Could it be possible that Crandall has misinterpreted the research and not the critics? One thing is certain, his insinuation that the research papers state there are Middle Eastern genotypes in the Maya is incorrect.  Neither paper makes that claims. None of the authors of the papers Crandall cites conclude, as he suggested, that Middle Eastern DNA was found in the Maya. That is his interpretation of their research. Crandall also chooses to overlook a much more comprehensive study published by Wang et al. in 2007 that examined 499 individuals from 29 Native American populations (see figure below from Wang et al. 2007). This oversight is particularly glaring because Wang’s study was specifically focussed on Native American ancestry, whereas the studies by Li and Rosenberg were clearly global in scope.

The figure shown below is from Wang's study. The first thing that you will notice is that the level of admixture in the Maya is similar to the levels seen in many other Native American populations. There is also no evidence of any specific connection between the Maya and Middle Eastern groups. If you look closely at the Maya data in the expanded section you will see that the admixture includes Siberian (red) and Asian (pink) DNA (due to their ancient connection to these regions) and European (blue) and African (orange) DNA. The latter DNA almost certainly arrived after Columbus as we can see it cropping up in numerous North, Central and South American populations.

I have contacted Keith Crandall on several occasions and drawn attention to all of the things I discussed above.  He has shown no interest in correcting his claims, unlike John Tvedtnes, the other apologist in the DVD who makes similarly bold claims about DNA links to the Middle East.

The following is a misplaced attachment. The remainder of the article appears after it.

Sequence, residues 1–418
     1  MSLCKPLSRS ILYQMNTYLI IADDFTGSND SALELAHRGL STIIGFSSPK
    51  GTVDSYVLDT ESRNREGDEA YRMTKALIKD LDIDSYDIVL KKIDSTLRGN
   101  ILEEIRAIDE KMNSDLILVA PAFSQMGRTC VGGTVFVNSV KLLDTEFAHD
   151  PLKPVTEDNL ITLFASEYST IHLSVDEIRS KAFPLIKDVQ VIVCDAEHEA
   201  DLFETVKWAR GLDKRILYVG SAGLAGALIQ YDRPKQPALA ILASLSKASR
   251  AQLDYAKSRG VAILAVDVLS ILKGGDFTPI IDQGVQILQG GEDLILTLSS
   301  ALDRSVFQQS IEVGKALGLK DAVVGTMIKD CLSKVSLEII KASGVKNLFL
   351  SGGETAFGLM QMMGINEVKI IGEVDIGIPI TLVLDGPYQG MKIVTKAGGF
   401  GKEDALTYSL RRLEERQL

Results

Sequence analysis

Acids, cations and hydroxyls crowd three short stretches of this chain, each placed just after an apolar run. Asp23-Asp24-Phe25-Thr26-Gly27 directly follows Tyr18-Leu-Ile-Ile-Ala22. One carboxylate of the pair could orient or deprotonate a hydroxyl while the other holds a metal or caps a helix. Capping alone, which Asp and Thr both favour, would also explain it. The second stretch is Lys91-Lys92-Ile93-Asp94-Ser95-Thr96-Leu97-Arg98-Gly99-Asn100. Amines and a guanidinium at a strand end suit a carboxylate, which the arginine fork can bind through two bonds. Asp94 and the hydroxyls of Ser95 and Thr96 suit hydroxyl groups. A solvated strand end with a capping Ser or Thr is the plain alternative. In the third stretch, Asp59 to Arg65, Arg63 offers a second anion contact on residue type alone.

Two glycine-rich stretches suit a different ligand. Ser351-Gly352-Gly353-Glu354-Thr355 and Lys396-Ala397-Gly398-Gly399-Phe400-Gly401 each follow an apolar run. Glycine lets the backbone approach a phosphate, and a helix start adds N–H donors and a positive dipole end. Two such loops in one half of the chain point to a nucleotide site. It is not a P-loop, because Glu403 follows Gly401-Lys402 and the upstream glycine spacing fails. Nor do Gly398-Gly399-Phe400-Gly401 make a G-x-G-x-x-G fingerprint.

John Tvedtnes (MA in Linguistics and MA in Middle East Studies (Hebrew) was a senior scholar (now retired) with the Institute for the Study and Preservation of Ancient Religious Texts at Brigham Young University. Tvedtnes has published over 300 articles on a broad range of apologetic topics and has been particular outspoken in the DNA debate despite having no scientific training.

In the full FAIR DVD Tvedtnes claims that the Native American mtDNA X lineage had been found in Mesoamerica, adding support to the Limited Geography apologetic arguments that link the Lamanites with Mesoamerican civilizations (These claims don't appear in the three parts available on Youtube). He also claims that a DNA lineage named “N” found in Great Basin tribes was related to N lineages found in Europeans. The X and N lineage claims of Tvedtnes are both wrong and I drew these to his attention via email. After several months of corresponding with John I was able to convince him that his statements were incorrect and to his credit he requested that FAIR edit the DVD to remove the problematic comments. FAIR took the easy option and chose not to edit the DVD, but rather they added an obscure link to an errata page at the bottom of the DVDs home page, where Tvedtnes’ “corrections” can be found. They are quite comfortable to continue selling a DVD that contains several false and misleading claims.